2 Corinthians 1:3 Blessed be the God and Father of our Lord Jesus Christ, the Father of mercies and God of all comfort, 4 who comforts us in all our tribulation, that we may be able to comfort those who are in any trouble, with the comfort with which we ourselves are comforted by God. NKJV
Paul used some unusual terms to describe God. He calls Him ‘the Father of mercies’ and ‘God of all comfort.’ Yesterday we examined the mercy of God. Today we will consider His comfort.
The word ‘comfort’ is a major topic spoken of throughout the Bible. Here are just a few examples:
- “As one whom his mother comforts, so I will comfort you; and you will be comforted in Jerusalem.” (Isaiah 66:13)
- “Indeed, the Lord will comfort Zion…” (Isaiah 51:3)
- “Comfort, O comfort My people,” says your God.” (Isaiah 40:1)
- “Blessed are those who mourn, for they shall be comforted.” (Matthew 5:4)
- Paul tells us that God is the “God of all comfort who comforts us in all our tribulation…” (2 Corinthians 1:3-4)
When we think of God’s comfort, perhaps the first thought that comes to our mind is God consoling us whenever we are hurting. To console someone is to say or do something with the intent to lessen their sorrow. When I think of someone being consoled, I envision a mother tenderly caressing a crying child and saying soothing words. Is that what it means when it says that God will comfort us? Isaiah wrote, “Comfort, yes, comfort My people!” Says your God. (Isaiah 40:1 NKJV) Keeping this passage in its original context we see that God wanted to encourage His people who had been carried off into exile. God wanted to ease their distress. Paul said that God ‘comforts us in all our tribulation.’ Tribulation means distress, affliction, or trouble. When we are going through a dark time in our life, God desires to console us. “As one whom his mother comforts, so I will comfort you; and you will be comforted in Jerusalem.” (Isaiah 66:13) Sometimes the greatest comfort God can give us is to let us feel His presence.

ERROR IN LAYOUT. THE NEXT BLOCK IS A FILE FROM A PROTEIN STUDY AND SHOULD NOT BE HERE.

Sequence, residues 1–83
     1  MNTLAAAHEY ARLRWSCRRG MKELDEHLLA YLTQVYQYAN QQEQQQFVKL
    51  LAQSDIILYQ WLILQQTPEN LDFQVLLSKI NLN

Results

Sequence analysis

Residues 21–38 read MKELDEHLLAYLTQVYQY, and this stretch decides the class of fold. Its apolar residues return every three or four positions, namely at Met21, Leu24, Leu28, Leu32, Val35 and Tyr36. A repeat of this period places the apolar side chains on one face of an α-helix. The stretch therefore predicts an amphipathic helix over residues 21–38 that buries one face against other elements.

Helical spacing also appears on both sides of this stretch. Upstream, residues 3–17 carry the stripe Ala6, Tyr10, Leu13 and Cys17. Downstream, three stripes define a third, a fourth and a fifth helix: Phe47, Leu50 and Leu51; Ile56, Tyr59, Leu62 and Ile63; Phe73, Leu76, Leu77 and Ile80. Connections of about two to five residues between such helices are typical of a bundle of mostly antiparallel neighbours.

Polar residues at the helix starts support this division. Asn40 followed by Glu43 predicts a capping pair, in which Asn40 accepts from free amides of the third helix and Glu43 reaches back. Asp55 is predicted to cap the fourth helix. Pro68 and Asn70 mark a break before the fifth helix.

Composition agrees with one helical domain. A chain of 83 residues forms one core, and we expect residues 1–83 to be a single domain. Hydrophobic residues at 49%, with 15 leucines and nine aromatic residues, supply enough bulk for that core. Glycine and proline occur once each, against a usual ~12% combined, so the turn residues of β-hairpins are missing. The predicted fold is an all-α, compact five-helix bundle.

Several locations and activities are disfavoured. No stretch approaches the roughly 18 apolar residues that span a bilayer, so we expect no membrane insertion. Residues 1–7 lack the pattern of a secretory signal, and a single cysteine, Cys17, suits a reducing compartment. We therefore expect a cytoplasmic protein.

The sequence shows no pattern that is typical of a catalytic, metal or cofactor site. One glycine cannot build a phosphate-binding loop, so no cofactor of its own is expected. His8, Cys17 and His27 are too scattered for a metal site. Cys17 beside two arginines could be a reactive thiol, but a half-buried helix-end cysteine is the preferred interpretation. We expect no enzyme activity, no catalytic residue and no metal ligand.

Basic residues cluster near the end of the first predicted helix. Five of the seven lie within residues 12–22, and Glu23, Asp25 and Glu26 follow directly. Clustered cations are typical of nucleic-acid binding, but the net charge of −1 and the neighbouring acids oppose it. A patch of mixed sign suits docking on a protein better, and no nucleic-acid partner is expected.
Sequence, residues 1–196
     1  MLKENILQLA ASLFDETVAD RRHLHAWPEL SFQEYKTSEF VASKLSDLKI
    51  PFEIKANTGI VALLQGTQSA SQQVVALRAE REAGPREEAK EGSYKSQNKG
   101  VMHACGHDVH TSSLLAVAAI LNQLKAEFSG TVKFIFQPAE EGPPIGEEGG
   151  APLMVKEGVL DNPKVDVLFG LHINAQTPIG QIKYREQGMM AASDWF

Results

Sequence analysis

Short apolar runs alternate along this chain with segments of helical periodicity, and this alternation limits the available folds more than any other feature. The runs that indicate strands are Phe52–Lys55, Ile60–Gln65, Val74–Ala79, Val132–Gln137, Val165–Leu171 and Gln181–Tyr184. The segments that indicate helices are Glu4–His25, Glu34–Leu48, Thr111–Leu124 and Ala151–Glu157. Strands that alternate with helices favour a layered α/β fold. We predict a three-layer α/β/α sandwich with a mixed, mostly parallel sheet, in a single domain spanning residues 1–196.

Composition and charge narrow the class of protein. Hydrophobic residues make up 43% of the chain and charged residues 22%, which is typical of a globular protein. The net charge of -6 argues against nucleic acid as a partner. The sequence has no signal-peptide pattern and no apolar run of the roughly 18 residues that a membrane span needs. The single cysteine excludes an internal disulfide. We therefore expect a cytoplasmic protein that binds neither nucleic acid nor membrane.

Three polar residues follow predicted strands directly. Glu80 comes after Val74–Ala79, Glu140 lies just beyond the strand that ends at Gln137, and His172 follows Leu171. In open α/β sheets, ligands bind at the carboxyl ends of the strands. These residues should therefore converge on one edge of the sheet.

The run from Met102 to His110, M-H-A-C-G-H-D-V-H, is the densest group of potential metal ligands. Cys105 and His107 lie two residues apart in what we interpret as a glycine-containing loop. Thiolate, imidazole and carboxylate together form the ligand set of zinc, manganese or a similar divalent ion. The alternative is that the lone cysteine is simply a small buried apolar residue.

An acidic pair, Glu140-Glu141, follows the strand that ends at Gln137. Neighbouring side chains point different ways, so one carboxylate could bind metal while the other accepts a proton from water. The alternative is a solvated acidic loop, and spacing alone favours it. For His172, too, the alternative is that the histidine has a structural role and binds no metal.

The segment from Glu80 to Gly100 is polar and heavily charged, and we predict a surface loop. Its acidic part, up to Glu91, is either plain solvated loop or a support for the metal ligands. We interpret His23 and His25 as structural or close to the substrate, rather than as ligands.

But the word comfort goes beyond consoling. It also means to encourage. Some Bible translations actually use the word encourage. Literally, the word encourage means to put courage into someone. In the New Testament, the word comfort is two Greek words put together. Part of the word means ‘to be called’ and part of the word means ‘alongside.’ Therefore, to comfort is to be called to come alongside of someone in need in order to put courage in them.
We should note that Jesus used this word in reference to the ministry of the Holy Spirit. “And I will pray the Father, and He will give you another Helper, that He may abide with you forever…” (John 14:16 NKJV) In the King James Version the Spirit is called ‘the Comforter’, whereas in other translations He is referred to as the ‘Helper.’ The Spirit has been put inside of us in order to encourage and build us up.
Whatever we may go through in life, God is there to help us. He is the Father of mercies and God of all comfort. There is no situation that is too messy for Him. There is no question He can’t answer. There is no sin He can’t forgive. There is no weakness He can’t strengthen. There is no battle He can’t win. There is no impossible that He can’t make possible. He is the never-ending source of all mercy and comfort.
God bless you brethren.